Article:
Eunice Baird Whittlesey Papers, 1924-2001
- Eunice Baird Whittlesey
- Eunice Baird Whittlesey was born in Yorkville, New York. She married Joseph I. Whittlesey on August 30, 1947, and had one daughter, Anne Whittlesey Donlan. Mrs. Whittlesey graduated from the University at Albany (then known as the New York State College for Teachers) in 1944. Mrs. Whittlesey began her professional life as an English, Speech and Drama teacher in Connecticut and Massachusetts. She has also held several prominent positions in the New York State and national Republican parties.
- 1.88 cubic ft.
- English and English
- Preferred citation:
- Preferred citation for this material is as follows: and Identification of specific item, series, box, folder, Eunice Baird Whittlesey Papers, 1924-2001. M.E. Grenander Department of Special Collections and Archives, University Libraries, University at Albany, State University of New York (hereafter referred to as the Whittlesey Papers).
Access and Use
- Conditions Governing Access:
Access to these records is unrestricted.
Access to this record group is unrestricted.
The researcher assumes full responsibility for conforming with the laws of copyright. Whenever possible, the M.E. Grenander Department of Special Collections and Archives will provide information about copyright owners and other restrictions, but the legal determination ultimately rests with the researcher. Requests for permission to publish material from this collection should be discussed with the Head of Special Collections and Archives.
- Scope and Content:
The bulk of the Eunice Whittlesey collection consists of documents created by the New York Republican State Committee, the Republican National Committee and several other Republican groups. This series is mostly made up of programs from the New York Republican State Committee Dinners and Republican National Conventions she attended. It also contains the letters she received from members of the New York Republican State Committee and the Republican National Committee, the handbooks used by members of the state and national Republican parties, the New York Republican State Committee's and Republican National Committee's press releases and news clippings and documents created by the Presidential Electors of 1984. This series also contains several miscellaneous Republican newsletters and the correspondence she received from fellow Republicans regarding her services as a supporter of their campaigns and the many invitations from events she attended.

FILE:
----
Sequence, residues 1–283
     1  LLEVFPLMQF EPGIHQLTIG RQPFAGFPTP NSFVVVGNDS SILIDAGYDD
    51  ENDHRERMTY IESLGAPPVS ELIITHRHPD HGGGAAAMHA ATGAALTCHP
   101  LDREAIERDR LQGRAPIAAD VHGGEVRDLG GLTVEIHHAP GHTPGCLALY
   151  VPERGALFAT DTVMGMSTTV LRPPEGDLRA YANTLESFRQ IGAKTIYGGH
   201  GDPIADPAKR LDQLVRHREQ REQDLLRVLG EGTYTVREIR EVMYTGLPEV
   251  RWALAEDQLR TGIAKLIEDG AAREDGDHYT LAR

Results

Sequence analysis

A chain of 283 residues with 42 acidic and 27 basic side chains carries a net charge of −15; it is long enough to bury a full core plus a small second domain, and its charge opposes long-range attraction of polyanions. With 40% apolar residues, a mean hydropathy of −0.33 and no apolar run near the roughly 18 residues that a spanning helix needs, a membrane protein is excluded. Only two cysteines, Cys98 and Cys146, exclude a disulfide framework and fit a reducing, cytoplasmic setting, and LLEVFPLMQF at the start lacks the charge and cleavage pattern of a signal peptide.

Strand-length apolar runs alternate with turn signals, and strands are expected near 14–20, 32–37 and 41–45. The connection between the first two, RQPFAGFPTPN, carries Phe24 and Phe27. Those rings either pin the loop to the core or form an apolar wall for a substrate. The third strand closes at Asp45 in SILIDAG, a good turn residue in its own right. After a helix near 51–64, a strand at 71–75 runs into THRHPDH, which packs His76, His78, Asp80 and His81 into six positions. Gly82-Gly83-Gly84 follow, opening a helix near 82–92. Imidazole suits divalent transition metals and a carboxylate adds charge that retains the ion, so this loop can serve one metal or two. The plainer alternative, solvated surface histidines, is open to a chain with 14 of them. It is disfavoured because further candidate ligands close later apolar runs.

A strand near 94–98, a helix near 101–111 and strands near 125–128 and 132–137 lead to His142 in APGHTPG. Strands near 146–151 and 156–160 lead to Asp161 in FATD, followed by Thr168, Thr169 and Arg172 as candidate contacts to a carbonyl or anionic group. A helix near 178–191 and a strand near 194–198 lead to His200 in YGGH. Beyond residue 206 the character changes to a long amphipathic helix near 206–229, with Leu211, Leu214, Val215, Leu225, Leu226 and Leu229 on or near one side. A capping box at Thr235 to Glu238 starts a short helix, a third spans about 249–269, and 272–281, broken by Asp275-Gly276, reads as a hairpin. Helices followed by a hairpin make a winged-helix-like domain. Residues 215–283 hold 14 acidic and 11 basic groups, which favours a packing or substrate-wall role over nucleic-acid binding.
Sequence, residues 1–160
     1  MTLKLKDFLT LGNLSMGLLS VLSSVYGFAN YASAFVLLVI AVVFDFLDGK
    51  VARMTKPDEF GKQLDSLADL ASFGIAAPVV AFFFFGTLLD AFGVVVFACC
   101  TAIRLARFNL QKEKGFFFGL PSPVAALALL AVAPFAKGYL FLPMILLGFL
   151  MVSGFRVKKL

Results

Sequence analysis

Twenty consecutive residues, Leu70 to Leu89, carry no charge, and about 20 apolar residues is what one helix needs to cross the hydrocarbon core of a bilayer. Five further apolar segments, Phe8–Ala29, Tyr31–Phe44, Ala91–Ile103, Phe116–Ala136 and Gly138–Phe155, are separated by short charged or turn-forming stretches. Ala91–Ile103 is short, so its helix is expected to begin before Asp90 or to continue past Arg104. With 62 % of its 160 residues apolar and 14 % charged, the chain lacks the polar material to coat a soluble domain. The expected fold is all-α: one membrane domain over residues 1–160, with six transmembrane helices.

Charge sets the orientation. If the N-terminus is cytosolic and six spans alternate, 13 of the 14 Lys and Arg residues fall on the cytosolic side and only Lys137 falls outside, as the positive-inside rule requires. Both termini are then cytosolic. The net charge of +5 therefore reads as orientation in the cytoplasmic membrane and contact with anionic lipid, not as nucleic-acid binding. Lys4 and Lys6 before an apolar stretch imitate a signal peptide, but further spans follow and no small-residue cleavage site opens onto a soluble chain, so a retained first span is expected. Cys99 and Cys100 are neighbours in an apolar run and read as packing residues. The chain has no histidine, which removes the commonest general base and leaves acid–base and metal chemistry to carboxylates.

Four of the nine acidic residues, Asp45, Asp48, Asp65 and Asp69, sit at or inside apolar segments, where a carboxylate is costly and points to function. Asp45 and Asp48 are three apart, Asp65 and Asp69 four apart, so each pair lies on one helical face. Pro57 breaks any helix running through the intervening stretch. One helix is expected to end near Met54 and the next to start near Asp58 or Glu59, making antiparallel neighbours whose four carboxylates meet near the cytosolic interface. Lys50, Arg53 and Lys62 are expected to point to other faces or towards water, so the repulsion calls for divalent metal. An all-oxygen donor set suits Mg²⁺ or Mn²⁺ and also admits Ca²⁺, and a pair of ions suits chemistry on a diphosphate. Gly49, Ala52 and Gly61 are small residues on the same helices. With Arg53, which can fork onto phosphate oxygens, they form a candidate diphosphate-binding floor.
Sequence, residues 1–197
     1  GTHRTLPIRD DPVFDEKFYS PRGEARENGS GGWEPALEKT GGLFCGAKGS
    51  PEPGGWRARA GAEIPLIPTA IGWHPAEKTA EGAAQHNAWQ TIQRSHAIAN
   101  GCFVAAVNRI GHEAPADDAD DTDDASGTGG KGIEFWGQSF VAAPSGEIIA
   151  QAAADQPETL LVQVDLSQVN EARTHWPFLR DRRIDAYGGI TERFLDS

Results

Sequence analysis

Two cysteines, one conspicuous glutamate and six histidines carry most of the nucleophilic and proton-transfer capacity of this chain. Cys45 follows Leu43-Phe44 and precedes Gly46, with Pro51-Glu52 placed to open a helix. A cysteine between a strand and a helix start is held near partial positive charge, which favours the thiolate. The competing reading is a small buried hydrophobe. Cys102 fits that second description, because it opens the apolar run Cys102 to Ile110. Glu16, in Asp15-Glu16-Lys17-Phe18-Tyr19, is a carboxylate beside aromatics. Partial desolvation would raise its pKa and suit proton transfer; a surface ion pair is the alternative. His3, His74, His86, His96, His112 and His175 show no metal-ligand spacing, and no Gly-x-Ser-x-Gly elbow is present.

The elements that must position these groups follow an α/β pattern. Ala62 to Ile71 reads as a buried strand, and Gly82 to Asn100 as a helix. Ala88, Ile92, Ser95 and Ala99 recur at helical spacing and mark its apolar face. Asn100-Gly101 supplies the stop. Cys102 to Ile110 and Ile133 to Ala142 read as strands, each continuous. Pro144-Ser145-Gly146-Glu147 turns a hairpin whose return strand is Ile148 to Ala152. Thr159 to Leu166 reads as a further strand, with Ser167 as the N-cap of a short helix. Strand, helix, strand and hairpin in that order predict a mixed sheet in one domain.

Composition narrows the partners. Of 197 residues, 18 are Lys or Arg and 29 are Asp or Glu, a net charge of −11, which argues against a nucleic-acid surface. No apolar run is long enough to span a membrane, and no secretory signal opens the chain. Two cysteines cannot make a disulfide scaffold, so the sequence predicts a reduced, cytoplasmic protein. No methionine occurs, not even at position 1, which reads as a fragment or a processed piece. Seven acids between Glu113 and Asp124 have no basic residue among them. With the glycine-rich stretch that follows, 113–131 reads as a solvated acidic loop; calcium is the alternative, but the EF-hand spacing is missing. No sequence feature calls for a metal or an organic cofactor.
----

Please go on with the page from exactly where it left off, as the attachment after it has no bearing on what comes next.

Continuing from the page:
The Projects Series has several large gaps in it. These primarily fall in the Housewives for Rockefeller materials. While the collection includes this organization's financial records, lists of county chairs, and newsletters, it does not include any of the minutes taken or the speeches given by county chairs to recruit new volunteers. This is also the case for the Volunteer's Tie-Line. The documents concerning the Ambassadors to Bring Action Through Environmental Study are extensive.
- Biographical / Historical:
Eunice Baird Whittlesey was born in Yorkville, New York. She married Joseph I. Whittlesey on August 30, 1947, and had one daughter, Anne Whittlesey Donlan. Mrs. Whittlesey graduated from the University at Albany (then known as the New York State College for Teachers) in 1944. Mrs. Whittlesey began her professional life as an English, Speech and Drama teacher in Connecticut and Massachusetts. She has also held several prominent positions in the New York State and national Republican parties. She was a staunch supporter of Nelson Rockefeller during both his tenure as Governor of New York and as Vice President of the United States during the Ford administration as well as a faithful supporter of President George H. W. Bush. Her talent for coordinating groups of people has been a great asset throughout her career.
While she worked closely alongside Governor Nelson Rockefeller, campaigned faithfully for several Republican candidates and created programs to raise both political and environmental awareness, little has been written about her efforts in works about the Rockefeller administration or the New York Republican State Committee. However, her name does appear in Who's Who of American Women and Who's Who of Women in World Politics.
Mrs. Whittlesey's first political role was in 1960 when she served as the Schenectady County Chair for the Nixon for President campaign. Following that date, she served as the co-chair for several presidential campaigns including Gerald Ford in 1976 and Ronald Reagan in 1980. In 1967, at the request of Nelson Rockefeller, Mrs. Whittlesey created the Volunteer's Tie Line, a group of volunteers that acted as a link between the state government and the public. Its main purpose was to keep women informed of political information that had direct bearing on them. She also acted as its first chair, holding this position from 1967-1970.